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  1. To All Interested Parties: This note will advise that the location has changed for the July meeting of the NJ Boat Regulation Commission scheduled for Wednesday, July 9, 2003 at 100 am. The meeting will take place in Sea Girt at the NJ Militia Museum meeting room, located on the grounds of the NJ State Police Training Academy. I have not seen an agenda for the meeting, but understand that there will be presentations to the Commission on powerboat noise control and on the placement of "slow/no wake" buoys in certain areas of Barnegat Bay. The Commission will continue its review of NJSA 12:7, the State's Marine Laws, and review comments received on proposed amendments to NJAC 13:61 et.seq., the administrative regulations governing boating in New Jersey. Please give this notice of change in location the widest possible distribution. Thank you. John H. Shanahan, Jr. Member, Boat Regulation Commission State of New Jersey Phone: 800-237-1708 For more information visit: www.SharkeyMarine.com

    Hull construction

    If you have yellow and black fibers such as a checkered board effect, this would be a Kevlar/Carbon Fiber mix. Really great stuff too by the way.... and cost?

    Bay Alert!!!

    Just a reminder to those that will be hitting they bay early this season. We obviously had a very cold winter this year. With that, the bay froze over and we need not forget when this happens, docks and pilings are pulled apart. So as a word of caution: Beware of alot floating pilings and wood this season. Especially after a good full moon high tide.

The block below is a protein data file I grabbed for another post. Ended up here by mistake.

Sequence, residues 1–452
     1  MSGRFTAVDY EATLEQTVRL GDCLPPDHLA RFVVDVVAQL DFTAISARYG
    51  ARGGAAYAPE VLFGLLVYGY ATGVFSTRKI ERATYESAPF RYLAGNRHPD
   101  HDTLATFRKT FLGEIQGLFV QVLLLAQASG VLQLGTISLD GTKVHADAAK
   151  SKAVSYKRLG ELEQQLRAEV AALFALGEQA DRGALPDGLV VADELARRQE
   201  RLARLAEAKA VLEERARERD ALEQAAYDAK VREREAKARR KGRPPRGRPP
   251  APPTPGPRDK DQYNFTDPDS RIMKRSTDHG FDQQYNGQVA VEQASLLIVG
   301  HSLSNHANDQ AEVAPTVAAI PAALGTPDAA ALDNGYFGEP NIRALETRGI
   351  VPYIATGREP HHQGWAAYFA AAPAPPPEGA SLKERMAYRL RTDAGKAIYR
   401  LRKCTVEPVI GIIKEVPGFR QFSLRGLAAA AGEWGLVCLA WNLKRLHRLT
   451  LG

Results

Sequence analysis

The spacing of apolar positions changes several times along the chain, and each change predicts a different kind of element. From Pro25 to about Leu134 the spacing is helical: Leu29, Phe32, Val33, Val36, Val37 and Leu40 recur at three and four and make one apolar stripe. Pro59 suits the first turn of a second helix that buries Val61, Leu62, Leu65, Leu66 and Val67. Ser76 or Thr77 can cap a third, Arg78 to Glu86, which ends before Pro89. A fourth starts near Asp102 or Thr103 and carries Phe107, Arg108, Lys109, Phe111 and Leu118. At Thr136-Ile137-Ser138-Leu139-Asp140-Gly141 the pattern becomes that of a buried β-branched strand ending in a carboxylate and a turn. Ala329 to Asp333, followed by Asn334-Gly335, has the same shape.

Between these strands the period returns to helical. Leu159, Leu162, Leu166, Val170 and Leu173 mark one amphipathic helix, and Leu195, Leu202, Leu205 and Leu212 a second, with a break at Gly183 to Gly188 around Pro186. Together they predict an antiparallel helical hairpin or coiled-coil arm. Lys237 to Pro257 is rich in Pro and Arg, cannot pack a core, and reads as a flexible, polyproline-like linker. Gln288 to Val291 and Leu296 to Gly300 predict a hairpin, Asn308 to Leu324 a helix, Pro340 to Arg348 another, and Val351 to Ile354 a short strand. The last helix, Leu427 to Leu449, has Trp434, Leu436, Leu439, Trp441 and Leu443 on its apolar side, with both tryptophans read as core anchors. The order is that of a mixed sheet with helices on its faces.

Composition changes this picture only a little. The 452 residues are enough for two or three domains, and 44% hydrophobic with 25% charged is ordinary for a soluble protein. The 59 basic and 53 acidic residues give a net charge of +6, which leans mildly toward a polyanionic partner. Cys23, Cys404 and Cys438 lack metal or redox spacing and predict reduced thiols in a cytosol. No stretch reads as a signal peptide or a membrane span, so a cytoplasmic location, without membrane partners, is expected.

4. Just a HUGE reminder to all boats that are Shrink Wrapped and are in the path of this winter storm, break out the brooms and push the snow off..... Many forget to do this and with all the weight of the snow could cause some damage to the wrap as well as the boat. That also goes for anyone the has the CoverIt portable garages. I have one of those as well, but in this case so far, the wind has been keeping up with blowing it all off. So far I see about 3 feet in my back yard, mostly due to the wind.




    To All NJ boaters and anyone that vacations in NEW JERSEY, We need your help on January 8th in Trenton, NJ for a meeting where they are pushing to pass a SPEED LIMIT on NJ's waterways. Here is a LINK for articles and letters in regards to this matter. http://pages.zdnet.com/sharkeymarine/sharkey/id30.html


    I have added a page to my site for the updates on this new law: SPEED UPDATES Latest update: 12-06-02

    Liquidation Blowout

    Just added more pics for the items for sale...